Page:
"Who knows?" he answered, "I might even start to like it."
When she returned to the office, Tracey felt relaxed, even light-hearted. She had just settled down into some paperwork when Kelly appeared in the doorway, carrying a file folder. She was wearing her grey sweater with the bow on the front, the one that made her look like a Catholic schoolgirl all over again. Tracey figured they must make quite a team: angel and devil, good cop and bad cop. Kelly handed her the file.
"Here's the brief for Judge Anderlee. Thought you might want to take a look before I send it over." Tracey shook her head.
"I trust your work, Kelly," she said, opening and glancing over the file nonetheless. While she perused its contents, Kelly asked, "So what did you say to Ravell anyway? I've never seen him so friendly." Tracey looked up from the folder.
"He was planning to watch the game on Sunday with Hector," she said as an example.
"Is that abnormal?" Tracey inquired.
"Never happened before, according to Hector, and I think he might have just asked me out on a date." Tracey's eyes widened.
"Chris? What did he say?" she demanded.
"Something along the lines of 'Kelly, I'm going out for coffee, would you like to come?' I'm not sure he meant anything by it," Kelly stated defensively, feeling like she'd said something she shouldn't have.
"Would you have wanted him to?" Tracey asked incredulously. She couldn't help but picture Chris and Kelly in a relationship. God, he'd run right over her. She'd never be able to stand up for herself. A fresh-faced idealist like Kelly didn't belong with a cynicist like Chris. Tracey knew she'd wanted Chris to feel more at home in the DA's office, but she'd never wanted him to start taking advantage of her ADAs.
Kelly shrugged, "I don't know. He seems nice enough."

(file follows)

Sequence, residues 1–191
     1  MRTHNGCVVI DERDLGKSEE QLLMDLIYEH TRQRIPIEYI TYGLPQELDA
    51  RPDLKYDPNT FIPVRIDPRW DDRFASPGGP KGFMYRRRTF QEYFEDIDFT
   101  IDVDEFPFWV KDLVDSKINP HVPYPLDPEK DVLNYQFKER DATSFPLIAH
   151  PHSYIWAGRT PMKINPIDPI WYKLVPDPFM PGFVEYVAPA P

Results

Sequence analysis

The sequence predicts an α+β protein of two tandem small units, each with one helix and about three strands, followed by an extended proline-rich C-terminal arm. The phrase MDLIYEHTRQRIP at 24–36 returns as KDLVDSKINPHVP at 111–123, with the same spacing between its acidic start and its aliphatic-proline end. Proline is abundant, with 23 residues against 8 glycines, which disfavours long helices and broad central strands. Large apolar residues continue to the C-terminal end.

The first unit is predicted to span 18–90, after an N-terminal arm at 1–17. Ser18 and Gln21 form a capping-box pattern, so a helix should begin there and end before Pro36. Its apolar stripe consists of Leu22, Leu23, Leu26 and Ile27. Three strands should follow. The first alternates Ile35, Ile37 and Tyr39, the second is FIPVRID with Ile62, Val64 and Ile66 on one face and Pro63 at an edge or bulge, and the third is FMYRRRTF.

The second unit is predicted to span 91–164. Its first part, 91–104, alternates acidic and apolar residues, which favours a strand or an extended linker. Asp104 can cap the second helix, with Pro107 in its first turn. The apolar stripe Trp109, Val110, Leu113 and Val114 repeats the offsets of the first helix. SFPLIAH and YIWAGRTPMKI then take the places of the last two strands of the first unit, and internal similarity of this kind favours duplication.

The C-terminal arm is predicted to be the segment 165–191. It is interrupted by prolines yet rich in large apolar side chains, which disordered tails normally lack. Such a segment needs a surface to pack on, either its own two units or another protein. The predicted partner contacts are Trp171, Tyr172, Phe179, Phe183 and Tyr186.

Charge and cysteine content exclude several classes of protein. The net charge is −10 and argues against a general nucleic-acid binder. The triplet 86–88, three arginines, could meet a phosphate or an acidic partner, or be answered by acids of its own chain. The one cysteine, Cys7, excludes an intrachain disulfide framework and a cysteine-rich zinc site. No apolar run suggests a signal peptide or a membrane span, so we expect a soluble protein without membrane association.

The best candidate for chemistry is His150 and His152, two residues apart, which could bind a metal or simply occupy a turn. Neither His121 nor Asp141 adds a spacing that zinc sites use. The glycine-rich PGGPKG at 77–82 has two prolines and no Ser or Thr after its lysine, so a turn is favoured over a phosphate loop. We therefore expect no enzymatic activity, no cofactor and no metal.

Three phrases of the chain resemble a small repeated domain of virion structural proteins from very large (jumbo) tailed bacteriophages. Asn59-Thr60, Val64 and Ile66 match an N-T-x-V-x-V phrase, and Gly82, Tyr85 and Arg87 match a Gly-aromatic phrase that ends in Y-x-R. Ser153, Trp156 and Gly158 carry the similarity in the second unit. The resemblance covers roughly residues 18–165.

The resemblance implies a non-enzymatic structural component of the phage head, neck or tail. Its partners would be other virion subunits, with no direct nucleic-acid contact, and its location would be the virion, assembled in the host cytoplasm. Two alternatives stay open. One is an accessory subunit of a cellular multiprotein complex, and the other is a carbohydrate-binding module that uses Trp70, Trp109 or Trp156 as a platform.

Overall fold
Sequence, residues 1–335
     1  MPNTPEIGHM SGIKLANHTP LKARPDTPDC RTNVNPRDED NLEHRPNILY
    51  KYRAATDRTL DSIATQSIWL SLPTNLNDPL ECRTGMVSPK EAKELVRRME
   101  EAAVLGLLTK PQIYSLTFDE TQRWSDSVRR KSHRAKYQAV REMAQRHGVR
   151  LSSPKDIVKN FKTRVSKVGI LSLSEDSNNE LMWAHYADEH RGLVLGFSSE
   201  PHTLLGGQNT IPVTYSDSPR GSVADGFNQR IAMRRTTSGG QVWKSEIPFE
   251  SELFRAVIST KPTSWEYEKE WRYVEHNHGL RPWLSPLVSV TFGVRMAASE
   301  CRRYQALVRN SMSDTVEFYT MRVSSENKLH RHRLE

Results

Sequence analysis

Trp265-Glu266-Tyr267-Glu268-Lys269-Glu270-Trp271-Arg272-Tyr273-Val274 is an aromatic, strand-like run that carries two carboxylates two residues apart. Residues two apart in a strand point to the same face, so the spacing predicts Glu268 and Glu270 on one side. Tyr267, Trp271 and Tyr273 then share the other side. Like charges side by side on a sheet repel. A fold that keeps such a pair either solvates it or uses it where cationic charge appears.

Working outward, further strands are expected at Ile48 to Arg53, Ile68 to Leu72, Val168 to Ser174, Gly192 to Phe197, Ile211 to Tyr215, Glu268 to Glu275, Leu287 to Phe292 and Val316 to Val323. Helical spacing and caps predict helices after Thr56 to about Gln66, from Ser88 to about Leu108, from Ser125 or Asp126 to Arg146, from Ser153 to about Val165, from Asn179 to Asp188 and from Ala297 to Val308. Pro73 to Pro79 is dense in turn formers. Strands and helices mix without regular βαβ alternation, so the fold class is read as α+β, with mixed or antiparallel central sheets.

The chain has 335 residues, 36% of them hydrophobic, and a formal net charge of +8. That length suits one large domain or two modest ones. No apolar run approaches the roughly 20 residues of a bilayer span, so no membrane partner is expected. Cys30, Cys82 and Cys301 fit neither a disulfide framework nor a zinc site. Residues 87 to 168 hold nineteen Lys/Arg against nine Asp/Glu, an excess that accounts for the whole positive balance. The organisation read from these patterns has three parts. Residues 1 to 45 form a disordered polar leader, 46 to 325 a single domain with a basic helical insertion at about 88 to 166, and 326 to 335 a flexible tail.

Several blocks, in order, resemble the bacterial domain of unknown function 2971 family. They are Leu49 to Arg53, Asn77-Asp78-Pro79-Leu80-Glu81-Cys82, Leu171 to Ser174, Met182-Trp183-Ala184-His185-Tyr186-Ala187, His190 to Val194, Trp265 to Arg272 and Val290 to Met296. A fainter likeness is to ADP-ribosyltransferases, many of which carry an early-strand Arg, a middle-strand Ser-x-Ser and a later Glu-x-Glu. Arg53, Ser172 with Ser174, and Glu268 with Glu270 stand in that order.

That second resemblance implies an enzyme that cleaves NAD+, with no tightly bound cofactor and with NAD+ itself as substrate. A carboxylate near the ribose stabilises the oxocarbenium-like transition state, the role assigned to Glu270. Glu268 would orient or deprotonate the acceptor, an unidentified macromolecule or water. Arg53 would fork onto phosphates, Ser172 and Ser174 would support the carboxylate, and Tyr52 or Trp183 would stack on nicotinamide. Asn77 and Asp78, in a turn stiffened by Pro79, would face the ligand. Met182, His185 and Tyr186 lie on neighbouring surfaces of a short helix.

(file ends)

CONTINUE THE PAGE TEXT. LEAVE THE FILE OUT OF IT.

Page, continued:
"Nice?" Tracey scoffed. "Nice? Are you forgetting that he lied to us about what Tolbert told him? He's a jerk, Kelly. You deserve better than him." Kelly was a bit surprised by Tracey's reaction.
"Okay," Kelly said, "And I won't tell him you said that." She turned to leave, but Tracey stopped her.
"Wait," she said. Kelly turned. "What did you say to him?"
"That I had to give you this folder but maybe some other time, does it matter?" Kelly looked nervous. Tracey softened.
"I'm sorry," she said, "I just wanted to make sure you weren't going to get hurt." Kelly relaxed.
"It's okay. You're probably right."
When Kelly had left, Tracey sighed. She'd made a mistake, playing the prosecutor in her friendships again. And she knew she shouldn't have said those things about Chris, especially after her resolutions to give him a second chance.
Maybe he really will change, she thought.
"Didn't I tell you you were paranoid about being fired?" Hector said to Chris later when they were sitting at their desks.
"Yup. Tracey just wanted to…I don't know, talk about stuff...work." He didn't tell Hector about the other things they'd discussed: divorce, marriage, family, growing up. At one point in their lunch, while they were waiting for the bill, Chris had leaned across the table and asked, "Kibre. Is that a…I mean are you…?" He couldn't quite say it.
"A Red Sea pedestrian? Guilty as charged."
"My mother would love you," he laughed. Tracey smiled knowingly.
"Always pestering you to bring home a nice Jewish girl?"
"You've met her?" he joked. Then the bill came. Tracey pulled two twenties out of her wallet and left them on the table. She stood up and reached for her red coat.
"I can pay for mine," Chris offered. She shook her head and grinned.
"Well," Hector said, "For what it's worth, I'm glad you're sticking around."
"Thanks," replied Chris sincerely. He looked up to see that Hector had turned to the doorway and was looking out, a puzzled look on his face. Chris followed his sight line in time to see District Attorney Arthur Branch lumbering down the hall past their office.
"What do you suppose he wants?" Chris asked. Hector shook his head.
"Don't know, but it looks like he's headed to see Kibre." Chris stood up and grabbed his coat off the back of his chair. Pulling it on, he said, "I'm going to go see if Karen Davis can pick Kettlewell out of a photo array. Want to come?" Just then, Hector's cell phone rang. He checked his caller ID, then waved Chris away.
"No. I have to take this. I'll see you when you're done, okay?" Hector's manner was distracted.
"Sure," Chris replied, but Hector had already answered his phone.